Welcome to the rubber club

Riding high on the surging automobile market in India, Reliance Industries Limited, the Indian corporate behmoth and SIBUR, Russia’s petrochemical giant, have inked a pact for manufacturing synthetic rubber in Jamnagar, home to India’s largest refinery. It was a perfect blend of technology, resources, market and kindred expertise that led to the firming of this business arrangement in May. Sibur, according to the deal, will provide technology and Reliance will supply raw materials and infrastructure. At stake, is a share of the 2 bn euro global market in butyl rubber.

Dmitry Konov, the dynamic head of Sibur, is upbeat. He says the joint venture’s capacity could reach 50,000 tonnes per year and could go further upto 100,000 tonnes. The design work will start in 2011 and the plant is expected to become operational in 2013. It will cost around $200 mn to $300 mn to get this project going, says Konov. With a capacity of 40,000 to 50,000 tonnes, the company should generate revenues of $80 mn to $100 mn a year, bringing its global market share to 3.5-4 pc, according to Nord Capital.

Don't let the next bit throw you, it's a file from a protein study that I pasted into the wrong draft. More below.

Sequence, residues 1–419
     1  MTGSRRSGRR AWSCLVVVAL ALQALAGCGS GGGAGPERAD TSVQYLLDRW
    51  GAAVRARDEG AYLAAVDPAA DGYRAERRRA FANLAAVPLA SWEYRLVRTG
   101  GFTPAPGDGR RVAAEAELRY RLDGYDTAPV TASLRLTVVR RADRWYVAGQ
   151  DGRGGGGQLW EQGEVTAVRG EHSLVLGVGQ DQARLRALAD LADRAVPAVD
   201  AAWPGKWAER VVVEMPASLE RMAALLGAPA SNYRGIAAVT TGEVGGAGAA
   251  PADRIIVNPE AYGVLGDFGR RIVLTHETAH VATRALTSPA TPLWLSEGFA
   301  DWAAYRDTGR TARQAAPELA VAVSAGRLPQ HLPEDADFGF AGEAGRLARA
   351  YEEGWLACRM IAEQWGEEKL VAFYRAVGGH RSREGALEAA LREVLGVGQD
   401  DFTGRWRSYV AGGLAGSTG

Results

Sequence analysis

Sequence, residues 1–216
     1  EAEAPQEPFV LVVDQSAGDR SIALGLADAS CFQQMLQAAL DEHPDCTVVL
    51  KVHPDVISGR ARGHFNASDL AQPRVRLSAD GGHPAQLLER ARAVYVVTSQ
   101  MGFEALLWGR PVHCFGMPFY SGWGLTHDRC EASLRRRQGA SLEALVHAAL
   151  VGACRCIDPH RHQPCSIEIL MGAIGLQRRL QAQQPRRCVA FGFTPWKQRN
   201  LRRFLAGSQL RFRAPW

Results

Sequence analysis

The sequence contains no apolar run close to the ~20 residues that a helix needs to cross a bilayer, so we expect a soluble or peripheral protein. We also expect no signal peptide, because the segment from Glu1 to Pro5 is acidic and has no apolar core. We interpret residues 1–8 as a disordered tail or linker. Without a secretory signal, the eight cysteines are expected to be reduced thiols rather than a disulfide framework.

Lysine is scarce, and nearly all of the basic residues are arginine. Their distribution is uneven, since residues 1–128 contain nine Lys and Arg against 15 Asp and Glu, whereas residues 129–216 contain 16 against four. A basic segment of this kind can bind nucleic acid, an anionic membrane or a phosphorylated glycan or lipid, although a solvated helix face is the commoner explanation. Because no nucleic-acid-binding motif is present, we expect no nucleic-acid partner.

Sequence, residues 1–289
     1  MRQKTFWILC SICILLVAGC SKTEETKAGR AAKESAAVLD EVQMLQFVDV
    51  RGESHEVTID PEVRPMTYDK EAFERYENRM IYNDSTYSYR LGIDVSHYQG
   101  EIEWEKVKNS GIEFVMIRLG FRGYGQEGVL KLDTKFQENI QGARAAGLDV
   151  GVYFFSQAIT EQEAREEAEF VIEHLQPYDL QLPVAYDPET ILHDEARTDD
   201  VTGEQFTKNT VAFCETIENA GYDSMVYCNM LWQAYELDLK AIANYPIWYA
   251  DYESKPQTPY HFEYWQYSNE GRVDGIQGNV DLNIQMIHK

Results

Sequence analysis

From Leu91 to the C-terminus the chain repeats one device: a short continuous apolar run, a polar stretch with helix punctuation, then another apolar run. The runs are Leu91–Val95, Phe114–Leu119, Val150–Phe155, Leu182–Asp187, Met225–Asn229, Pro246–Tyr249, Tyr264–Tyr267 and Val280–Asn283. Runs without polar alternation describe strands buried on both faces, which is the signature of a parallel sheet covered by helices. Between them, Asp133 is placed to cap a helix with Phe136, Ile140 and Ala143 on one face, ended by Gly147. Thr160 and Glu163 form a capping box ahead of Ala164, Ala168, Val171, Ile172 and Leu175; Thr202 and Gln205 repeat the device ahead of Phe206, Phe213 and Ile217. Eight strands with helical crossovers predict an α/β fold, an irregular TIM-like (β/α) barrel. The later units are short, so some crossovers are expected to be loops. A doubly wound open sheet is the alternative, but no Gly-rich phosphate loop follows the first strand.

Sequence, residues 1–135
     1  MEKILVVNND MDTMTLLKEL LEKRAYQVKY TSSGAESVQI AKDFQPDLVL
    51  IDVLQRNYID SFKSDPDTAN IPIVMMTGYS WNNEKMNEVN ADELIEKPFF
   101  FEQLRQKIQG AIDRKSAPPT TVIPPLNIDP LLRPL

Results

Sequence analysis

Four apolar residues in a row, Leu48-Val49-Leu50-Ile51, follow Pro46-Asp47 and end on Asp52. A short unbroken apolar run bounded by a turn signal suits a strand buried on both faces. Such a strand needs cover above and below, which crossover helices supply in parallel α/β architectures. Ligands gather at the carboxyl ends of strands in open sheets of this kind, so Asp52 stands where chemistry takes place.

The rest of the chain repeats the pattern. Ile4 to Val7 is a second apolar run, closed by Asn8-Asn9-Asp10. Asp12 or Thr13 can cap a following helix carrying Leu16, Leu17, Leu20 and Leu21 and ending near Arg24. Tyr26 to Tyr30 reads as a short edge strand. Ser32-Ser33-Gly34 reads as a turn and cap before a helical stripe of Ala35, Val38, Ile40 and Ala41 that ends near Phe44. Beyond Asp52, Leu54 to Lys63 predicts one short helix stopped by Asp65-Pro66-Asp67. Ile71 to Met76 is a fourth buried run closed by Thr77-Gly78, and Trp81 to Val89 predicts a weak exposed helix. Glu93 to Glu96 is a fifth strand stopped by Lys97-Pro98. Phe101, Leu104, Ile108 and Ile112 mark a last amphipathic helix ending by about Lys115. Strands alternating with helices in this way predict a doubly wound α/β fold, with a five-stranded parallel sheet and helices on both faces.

SIBUR, in which Russian banking group Gazprombank owns a 95 pc stake, straddles the entire petrochemical value chain and produces 2000 products ranging from gas processing of monomers and plastics, synthetic rubbers, mineral fertilizers, tyres and industrial rubber goods, as well as the processing of plastics. The company manufactures around 48,000 tonnes of butyl rubber (Tolyattykauchuk) per year. Butyl rubber is produced by just five companies in the world, led by ExxonMobil Chemical, which accounts for a whopping 440,000 tonnes annually. Total production is estimated at 800,000 tonnes, worth $2,5 bn annually. “India’s butyl rubber market is not yet saturated with consumption rate being one fourth of Russia’s and one fourteenth of the European rate,” says Dmitry Aleksandrov, Head of Analysis at Univer Capital. Konov is excited at huge untapped potentialities that the joint venture seeks to harness. “The creation of new facilities so close to Asian markets opens up great growth opportunities for both companies. The region’s rubber consumption, buoyed by expanding tyre production, has been on the rise in recent years,” Sibur representative says. India’s proximity to the energy-rich Middle East tipped the scale in favour of local production. At the St.Petersburg International Economic Forum in June, Konov argued that the only opportunity to enter the Indian market was to initiate local production. The offer to locate the rubber facility in Jamnagar, an industrial hub in Gujarat bristling with highly qualified engineers, finally clinched the deal. It’s a win-win situation for India. The new rubber plant will generate jobs, export revenues and also hike production of rubber for car tyres, a much-needed boost for India’s booming auto market, with a new model debuting almost every month.

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